Come next Tuesday, Tasmanian Labor will have a new leader.
One of two men will assume the mantle: Franklin MHA David O'Byrne or Braddon MHA Shane Broad.
The counting of the ballots - submitted by rank-and-file party members and ALP state conference delegates - will follow a period of post-election soul-searching.
"I think it's been a real opportunity to reinvigorate the rank-and-file membership of the party," Mr O'Byrne said of the ballot.
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The party suffered a 4 per cent swing against it and won just 28 per cent of the primary vote at the 2021 state election. Opposition Leader Rebecca White subsequently resigned and endorsed Mr O'Byrne as her successor.
Internal Labor ructions were exposed in the early stages of the campaign, when the state branch's dominant Left faction moved to block Kingborough mayor Dean Winter from being preselected as a candidate in Franklin.
While the party's national executive intervened and installed Mr Winter as a candidate, the fault lines had already been laid bare.
There are calls from the Right for wholesale reform of the administrative wing of the party, which some believe is too tightly controlled by powerful left-wing unions such as the Health and Community Services Union and the United Workers Union.
Mr O'Byrne is a champion of the Left, whereas Dr Broad is unaligned.
Given the sheer influence Labor's left-wing has over the party, Mr O'Byrne, 52, is seen as a shoo-in to become the next leader.
Dr Broad, 46, acknowledges he's an outside chance to claim victory but says he doesn't regret putting his hand up.
Asked whether he believed he could win, he said it could only happen if there was a "membership revolt".
"If that does happen, that sends a message to the power-brokers that the Labor Party wants to change," Dr Broad said.
Tasmanian Labor needs to be "focusing on mainstream issues" and dedicating itself to winning back the support of voters who turned their backs on the party and swung to the Liberals, according to Dr Broad.
"There's a group of people whose parents probably voted Labor for generations that now, instead of working in a big workplace like Tioxide or the [Burnie] pulp mill, are subcontractors, they are tradies," he said. "They see themselves more as small business [operators]."
"It's pretty obvious to me that we need to change, that we need to go in a different direction.
"I don't think, by any means, I've got all the answers. But I think having the discussion has been valuable because the best way to change is to start."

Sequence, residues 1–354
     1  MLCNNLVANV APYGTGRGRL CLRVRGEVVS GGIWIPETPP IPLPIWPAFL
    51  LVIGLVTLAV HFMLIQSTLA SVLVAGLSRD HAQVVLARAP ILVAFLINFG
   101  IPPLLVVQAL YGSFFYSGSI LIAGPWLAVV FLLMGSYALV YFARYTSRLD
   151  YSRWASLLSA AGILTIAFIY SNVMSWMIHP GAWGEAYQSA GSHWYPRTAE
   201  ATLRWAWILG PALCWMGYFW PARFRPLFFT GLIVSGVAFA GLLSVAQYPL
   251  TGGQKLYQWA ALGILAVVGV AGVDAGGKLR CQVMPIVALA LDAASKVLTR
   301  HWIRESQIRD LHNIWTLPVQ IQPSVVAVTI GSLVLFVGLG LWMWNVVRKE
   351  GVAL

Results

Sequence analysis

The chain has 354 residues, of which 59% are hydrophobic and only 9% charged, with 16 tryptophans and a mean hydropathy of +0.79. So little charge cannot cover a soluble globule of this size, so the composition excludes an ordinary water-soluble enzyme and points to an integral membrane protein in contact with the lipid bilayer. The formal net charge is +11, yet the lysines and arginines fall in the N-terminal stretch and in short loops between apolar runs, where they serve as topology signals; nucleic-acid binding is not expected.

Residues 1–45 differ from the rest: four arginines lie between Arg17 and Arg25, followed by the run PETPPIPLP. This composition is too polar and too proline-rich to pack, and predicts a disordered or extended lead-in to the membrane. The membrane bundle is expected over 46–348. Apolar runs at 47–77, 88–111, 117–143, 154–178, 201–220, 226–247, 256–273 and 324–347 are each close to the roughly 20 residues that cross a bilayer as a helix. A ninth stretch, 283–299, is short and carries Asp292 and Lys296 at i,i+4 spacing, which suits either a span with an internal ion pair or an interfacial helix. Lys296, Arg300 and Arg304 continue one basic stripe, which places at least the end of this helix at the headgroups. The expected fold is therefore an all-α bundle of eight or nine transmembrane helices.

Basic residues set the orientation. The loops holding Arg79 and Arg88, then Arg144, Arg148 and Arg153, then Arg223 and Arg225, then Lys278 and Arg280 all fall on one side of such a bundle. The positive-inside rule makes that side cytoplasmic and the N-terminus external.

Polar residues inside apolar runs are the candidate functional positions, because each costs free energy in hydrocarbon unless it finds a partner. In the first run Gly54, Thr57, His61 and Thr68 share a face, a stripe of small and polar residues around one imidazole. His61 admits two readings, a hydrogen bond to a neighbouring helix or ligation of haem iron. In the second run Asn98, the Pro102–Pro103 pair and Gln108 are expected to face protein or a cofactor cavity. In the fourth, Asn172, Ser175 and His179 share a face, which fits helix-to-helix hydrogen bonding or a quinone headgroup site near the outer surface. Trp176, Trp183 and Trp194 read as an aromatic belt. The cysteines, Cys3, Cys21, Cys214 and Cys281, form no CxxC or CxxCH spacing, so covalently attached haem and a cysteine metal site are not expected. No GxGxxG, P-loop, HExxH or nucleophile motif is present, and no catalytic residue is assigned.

Both Dr Broad and Mr O'Byrne have been attending branch meetings in far-flung corners of the state since the leadership ballot was confirmed last month and have also taken part in a Zoom forum, which allowed Labor members to put questions to the two candidates.
Mr O'Byrne said if he was to become leader, he would ensure that this level of engagement within the party continued.
I don't think, by any means, I've got all the answers. But I think having the discussion has been valuable because the best way to change is to start.Shane Broad, Braddon Labor MHA
"You've just got to build the infrastructure for that to occur," he said.
At the branch meetings he'd been to in recent weeks, Mr O'Byrne said people had raised numerous issues with him and provided "constructive feedback".
"As you would expect, people join a political party to achieve a better state and a better outcome for their community," he said. "And that really covers a whole range of issues around employment, around the environment, around health services, housing services."
"So the issues that are relevant to the community are the ones that are being raised in these forums by members because these are people who are motivated to achieve positive change."
Mr O'Byrne said he wasn't treating it as a foregone conclusion that he would be Tasmanian Labor's next parliamentary leader.
"I've received good support - as I'm sure Shane has, as well," he said.
"So I'm hopeful but I'm not taking anything for granted."
As for Dr Broad, he says he would be "more than willing" to take on a senior role in a David O'Byrne-led caucus.
"I'm not going to throw the toys out of the cot," he said.
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